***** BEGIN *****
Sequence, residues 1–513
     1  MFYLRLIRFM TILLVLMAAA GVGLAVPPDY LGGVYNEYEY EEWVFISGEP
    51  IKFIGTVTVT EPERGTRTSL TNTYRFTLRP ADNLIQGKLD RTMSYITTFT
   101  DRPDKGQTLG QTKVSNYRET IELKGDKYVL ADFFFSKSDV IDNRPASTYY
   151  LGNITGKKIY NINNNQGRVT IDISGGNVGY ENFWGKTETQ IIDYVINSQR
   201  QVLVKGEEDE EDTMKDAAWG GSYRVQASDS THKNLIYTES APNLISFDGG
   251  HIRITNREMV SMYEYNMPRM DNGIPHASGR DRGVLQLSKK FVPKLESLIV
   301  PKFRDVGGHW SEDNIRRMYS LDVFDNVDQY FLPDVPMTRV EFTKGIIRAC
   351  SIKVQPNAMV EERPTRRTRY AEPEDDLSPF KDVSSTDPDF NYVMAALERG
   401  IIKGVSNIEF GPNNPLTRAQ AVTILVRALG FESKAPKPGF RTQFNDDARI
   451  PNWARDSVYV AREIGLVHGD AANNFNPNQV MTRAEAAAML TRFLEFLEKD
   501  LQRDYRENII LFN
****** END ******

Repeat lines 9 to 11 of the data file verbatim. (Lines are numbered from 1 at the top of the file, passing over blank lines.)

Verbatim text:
   351  SIKVQPNAMV EERPTRRTRY AEPEDDLSPF KDVSSTDPDF NYVMAALERG
   401  IIKGVSNIEF GPNNPLTRAQ AVTILVRALG FESKAPKPGF RTQFNDDARI
   451  PNWARDSVYV AREIGLVHGD AANNFNPNQV MTRAEAAAML TRFLEFLEKD